FDA cites labels for baby food, nuts, other products; Agency set to issue draft labeling guidelines soon
Foodfacts.com Blog staff has learned via Reuters news service that U.S. health regulators warned units of a leading food product company and more than a dozen other foodmakers about overstating or misstating the nutritional value of baby food, nuts and other products on their labels.
Most of the letters made public on Wednesday accuse the companies of making claims on their food packages and websites over trans fat content, antioxidant advantages, and omega-3 benefits that fail to Food and Drug Administration guidelines.
The warnings come as the FDA is set to push for new package labeling to make it easier for people to understand the nutritional content of food.
While Wednesday’s warnings are not indicative of labeling practices in the entire food industry, they should “give food manufacturers further clarification about what is expected of them as they review their current labeling,” FDA Commissioner Margaret Hamburg said in an open letter to the industry.
The FDA plans to issue draft guidelines for nutritional labeling and to work with the food industry on a new labeling system, she added.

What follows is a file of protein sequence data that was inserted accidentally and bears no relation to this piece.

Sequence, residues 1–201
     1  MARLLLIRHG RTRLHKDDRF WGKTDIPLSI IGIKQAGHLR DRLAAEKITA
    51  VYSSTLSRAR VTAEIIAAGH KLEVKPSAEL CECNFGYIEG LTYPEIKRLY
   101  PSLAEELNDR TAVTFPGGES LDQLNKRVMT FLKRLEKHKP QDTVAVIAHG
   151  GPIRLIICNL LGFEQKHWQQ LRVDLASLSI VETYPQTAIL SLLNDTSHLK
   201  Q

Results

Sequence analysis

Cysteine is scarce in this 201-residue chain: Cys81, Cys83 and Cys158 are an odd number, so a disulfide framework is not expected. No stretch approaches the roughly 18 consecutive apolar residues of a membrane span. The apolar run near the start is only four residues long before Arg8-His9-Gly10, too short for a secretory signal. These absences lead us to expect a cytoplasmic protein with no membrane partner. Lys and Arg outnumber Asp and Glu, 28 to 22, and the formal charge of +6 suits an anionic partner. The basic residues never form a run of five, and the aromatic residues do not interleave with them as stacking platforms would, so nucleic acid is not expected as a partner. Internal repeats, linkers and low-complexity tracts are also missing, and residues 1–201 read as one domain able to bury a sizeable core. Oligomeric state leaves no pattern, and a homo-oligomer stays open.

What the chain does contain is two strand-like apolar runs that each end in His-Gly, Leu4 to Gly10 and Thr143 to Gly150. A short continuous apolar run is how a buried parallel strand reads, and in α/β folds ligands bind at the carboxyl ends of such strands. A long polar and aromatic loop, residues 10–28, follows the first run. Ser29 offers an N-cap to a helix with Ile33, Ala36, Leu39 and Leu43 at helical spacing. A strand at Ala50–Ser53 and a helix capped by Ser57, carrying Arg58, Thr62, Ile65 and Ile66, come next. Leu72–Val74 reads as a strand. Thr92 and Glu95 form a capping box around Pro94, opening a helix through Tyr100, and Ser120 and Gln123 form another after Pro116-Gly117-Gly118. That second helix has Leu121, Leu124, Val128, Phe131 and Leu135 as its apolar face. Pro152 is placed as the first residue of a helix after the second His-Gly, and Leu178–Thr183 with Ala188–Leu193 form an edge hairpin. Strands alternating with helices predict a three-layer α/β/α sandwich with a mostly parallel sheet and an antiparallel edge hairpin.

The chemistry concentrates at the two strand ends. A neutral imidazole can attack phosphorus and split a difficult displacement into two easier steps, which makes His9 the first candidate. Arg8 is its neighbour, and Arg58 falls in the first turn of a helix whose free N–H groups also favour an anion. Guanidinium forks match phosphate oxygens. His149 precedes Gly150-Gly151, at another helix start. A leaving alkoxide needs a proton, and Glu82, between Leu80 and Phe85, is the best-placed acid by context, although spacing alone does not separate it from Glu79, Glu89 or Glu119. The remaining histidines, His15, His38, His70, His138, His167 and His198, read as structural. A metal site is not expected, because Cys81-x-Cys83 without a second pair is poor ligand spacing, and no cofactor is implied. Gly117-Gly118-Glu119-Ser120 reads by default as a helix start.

The Center for Science in the Public Interest, a consumer advocacy group, urged the FDA to crack down on manufacturers that “for far too long … have exaggerated the healthfulness of their products.”
New regulations should take a stronger stance on claims over trans fats and whole wheat as well as make the nutritional facts panel on the back of food packages easier to understand, the group said.
In a letter to a major baby food maker, the FDA cited issues with some of their products. It said their “labeling includes unauthorized nutrient content claims.”
The labels claim that the labeling on some of these food products have “No Added Sugar,” according to the letter dated Feb. 22. “These regulations do not allow the claim for products specifically intended for children under two years of age,” the FDA wrote.
An ice cream product unit was also warned over labeling of certain products.
One company spokesman said their company was cooperating with the FDA but does not comment on pending regulatory inquiries.
The FDA wants the companies to immediately correct the products’ labeling and respond to the agency within 15 days from the date of the letter. Most warning letters are resolved without further incident, although the agency does have the power to impose fines and other civil penalties.